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Recurring radiation-induced angiosarcoma of the breast that was treated with paclitaxel chemotherapy: a case report

  • Suzuki, Yoko1
  • Taniguchi, Kohei2
  • Hatono, Minami1
  • Kajiwara, Yukiko1
  • Abe, Yuko1
  • Kawada, Kengo1
  • Tsukioki, Takahiro1
  • Kochi, Mariko1
  • Nishiyama, Keiko1
  • Iwamoto, Takayuki1
  • Ikeda, Hirokuni1
  • Shien, Tadahiko1
  • Taira, Naruto1
  • Tabata, Masahiro2
  • Yanai, Hiroyuki2
  • Doihara, Hiroyoshi1
  • 1 Department of Breast and Endocrine surgery in Okayama University Japan Hospital, 2-5-1 Shikatacho Kitaku, Okayama-shi, Okayama-ken, 700-8558, Japan , Okayama-shi (Japan)
  • 2 Okayama University Japan Hospital, 2-5-1 Shikatacho Kitaku, Okayama-shi, Okayama-ken, 700-8558, Japan , Okayama-shi (Japan)
Published Article
Surgical Case Reports
Springer Berlin Heidelberg
Publication Date
Jan 16, 2020
DOI: 10.1186/s40792-020-0790-7
Springer Nature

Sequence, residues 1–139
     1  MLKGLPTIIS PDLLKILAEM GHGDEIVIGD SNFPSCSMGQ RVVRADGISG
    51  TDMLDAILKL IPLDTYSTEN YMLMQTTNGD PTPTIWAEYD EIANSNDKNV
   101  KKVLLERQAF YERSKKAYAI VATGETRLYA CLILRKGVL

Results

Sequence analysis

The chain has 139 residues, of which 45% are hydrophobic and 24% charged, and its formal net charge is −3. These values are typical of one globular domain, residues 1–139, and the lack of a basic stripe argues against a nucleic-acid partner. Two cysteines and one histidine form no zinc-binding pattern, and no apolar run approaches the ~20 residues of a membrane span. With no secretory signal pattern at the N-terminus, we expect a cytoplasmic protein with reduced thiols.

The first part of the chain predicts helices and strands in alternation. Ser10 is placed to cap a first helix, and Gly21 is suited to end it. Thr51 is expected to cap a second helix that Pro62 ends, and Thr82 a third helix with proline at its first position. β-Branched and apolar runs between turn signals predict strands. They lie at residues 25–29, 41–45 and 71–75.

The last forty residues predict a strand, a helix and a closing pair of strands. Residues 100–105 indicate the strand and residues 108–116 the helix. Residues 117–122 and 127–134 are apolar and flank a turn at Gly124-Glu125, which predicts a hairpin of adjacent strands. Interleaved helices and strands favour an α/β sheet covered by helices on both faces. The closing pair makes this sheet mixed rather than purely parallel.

BackgroundAngiosarcoma of the breast is very rare and can be divided into primary and secondary angiosarcoma. Radiation-induced angiosarcoma (RIAS) is classified as secondary angiosarcoma. Diagnosis of RIAS is difficult due to its rarity, and the interpretation of pathological imaging is complicated. In the National Comprehensive Care Network (NCCN) guidelines, the first choice of treatment is surgery with negative margins. Adjuvant radiotherapy (RT) for close soft tissue margins should be considered. Preoperative or adjuvant chemotherapy of nonmetastatic disease is not recommended for angiosarcoma. We report a case of RIAS, which was impossible to diagnose with core needle biopsy (CNB) but was diagnosed by excisional biopsy. The patient was then administered adjuvant chemotherapy using conjugated paclitaxel (PTX).Case presentationA 62-year-old woman noticed a tumor in her right breast. She had a history of right breast cancer and had undergone breast-conserving surgery, RT, and tamoxifen therapy 8 years previously. CNB, which was performed twice, was inconclusive. The tumor was surgically excised and pathological analysis yielded a diagnosis of angiosarcoma. She then underwent a right mastectomy. One month after she underwent right mastectomy, a nodule reappeared on the skin of her right breast, and excisional biopsy revealed recurrence of angiosarcoma. A few weeks later another nodule reappeared near the post-operative scar and excisional biopsy revealed recurrence of angiosarcoma. We assumed that surgical therapy was insufficient because the patient experienced relapse of angiosarcoma after complete mastectomy. After the second recurrence, we treated her with systemic chemotherapy using PTX. There was no evidence of recurrence 8 months after chemotherapy.ConclusionAlthough angiosarcoma is difficult to diagnose, many patients have a poor prognosis. Therefore, prompt treatment intervention is desired. Moreover, there is little evidence regarding adjuvant therapy of angiosarcoma since it is a rare disease. We consider that adjuvant therapy helped to effectively prevent recurrence in the patient after complete excision.

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